Bruton opens up differences with Kenny on 1916

Use of violence in Rising did not meet a criterion for just war, says former taoiseach

Former Fine Gael leader John Bruton: “The 1916 leaders explicitly took the opposite side in this war to their fellow Irishmen in the trenches.” Photograph: Aidan Crawley

John Bruton last night repeated his strong reservations about the commemoration of the 1916 Rising, opening up clear differences with the Taoiseach and current leader of Fine Gael, Enda Kenny.

The Taoiseach last week insisted that Fine Gael had its roots in the Rising, which “had been the central formative and defining act in the shaping of modern Ireland”.

The use of violence in the 1916 Rising did not meet a criterion for just war and raised other moral questions, Mr Bruton argued in a lecture on John Redmond last night to the Wexford Historical Society.

“Many of the 1916 leaders were familiar with Catholic teaching on what constitutes a just war. One of the criteria is that war should be a ‘last resort’,” he said.


“Given that home rule was already passed, would have come into effect, and would have been a platform for further moves to greater independence, the use of violence in 1916 was not a genuine last resort,” he said.

In defending Redmond’s support for the first World War, Mr Bruton said that by forcibly occupying the GPO, “the 1916 leaders explicitly took the opposite side in this war to their fellow Irishmen in the trenches.

‘Gallant allies’

“In proclaiming the Republic, the 1916 leaders spoke of their ‘gallant allies in Europe’. These allies were the German empire, the Ottoman empire and the Austrian empire. Although their immediate target was Britain, those, against whom the Irish republicans went to war, included the French republic and


, whose territories had been invaded and occupied by


, ” he said.

"The 1916 leaders were not neutral. They were taking the side of Germany, Turkey and Austria and said so in their own proclamation. Gerry Adams who recently attacked [John] Redmond at a meeting of the Irish Neutrality League should remember this," said Mr Bruton.

“There is a moral issue here. Irish people today take the taking of life seriously. We have abolished the death penalty. 1916, and the subsequent campaigns of violence it inspired, involved taking thousands of lives.”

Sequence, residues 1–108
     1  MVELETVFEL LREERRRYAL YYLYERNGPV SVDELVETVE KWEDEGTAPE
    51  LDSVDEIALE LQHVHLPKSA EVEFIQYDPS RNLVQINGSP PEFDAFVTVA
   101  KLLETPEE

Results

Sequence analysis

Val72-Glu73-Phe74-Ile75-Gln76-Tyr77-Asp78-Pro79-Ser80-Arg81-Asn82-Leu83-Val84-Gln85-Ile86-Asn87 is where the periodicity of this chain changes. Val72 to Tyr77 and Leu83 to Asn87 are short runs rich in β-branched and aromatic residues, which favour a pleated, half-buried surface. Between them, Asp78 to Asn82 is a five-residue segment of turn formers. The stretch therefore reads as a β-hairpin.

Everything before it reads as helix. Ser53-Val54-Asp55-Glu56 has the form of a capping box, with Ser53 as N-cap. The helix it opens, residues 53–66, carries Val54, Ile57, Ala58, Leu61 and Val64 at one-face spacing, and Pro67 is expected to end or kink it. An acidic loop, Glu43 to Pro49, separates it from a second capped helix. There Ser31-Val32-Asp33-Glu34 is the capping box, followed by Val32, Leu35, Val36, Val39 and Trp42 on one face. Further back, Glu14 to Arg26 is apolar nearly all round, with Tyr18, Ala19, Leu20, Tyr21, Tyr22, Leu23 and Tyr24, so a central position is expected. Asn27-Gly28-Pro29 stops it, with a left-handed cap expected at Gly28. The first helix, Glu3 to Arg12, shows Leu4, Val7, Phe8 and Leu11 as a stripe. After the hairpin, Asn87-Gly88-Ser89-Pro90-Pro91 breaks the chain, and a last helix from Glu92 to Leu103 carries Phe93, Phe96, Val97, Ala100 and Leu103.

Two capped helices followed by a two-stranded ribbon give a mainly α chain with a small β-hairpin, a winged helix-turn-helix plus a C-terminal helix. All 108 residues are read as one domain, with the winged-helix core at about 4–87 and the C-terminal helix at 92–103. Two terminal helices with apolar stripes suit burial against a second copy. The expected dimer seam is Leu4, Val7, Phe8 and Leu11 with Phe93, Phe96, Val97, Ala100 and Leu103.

Referring to 256 Irish civilians killed during the Rising, as well as 52 Irish members of the British army, 14 RIC members and three members of the Dublin Metropolitan Police, he said: "These Irish men were acting on the orders of a duly constituted Government, elected by a parliament, which had already granted home rule to Ireland, and to which Ireland had democratically elected its own MPs.

“Did these men ‘die for Ireland’?” he asked. “Consider also the dead of the war of 1919 to 1921, and the dead of the Civil War of 1922 to 1923, for these deaths flowed, in large measure, from the initial decision to use force in 1916.”

Defining act

At the launch of a biography of WT Cosgrave in Dublin last week, Mr Kenny said he was always proud to be a 1916 man. He saw the Rising as the central formative and defining act in the shaping of modern Ireland.

"Many of those who were leading figures in the parties he [Cosgrave] led, Cumann na nGaedheal and Fine Gael – Richard Mulcahy, Ernest Blythe, Desmond Fitzgerald, Fionán Lynch and others – were also 1916 men and it was the unshakeable conviction of Cosgrave and the other founders of Cumann na nGaedhael that their party was a 1916 party and that it drew its inspiration from the memory of 1916."

Patsy McGarry

Patsy McGarry

Patsy McGarry is a contributor to The Irish Times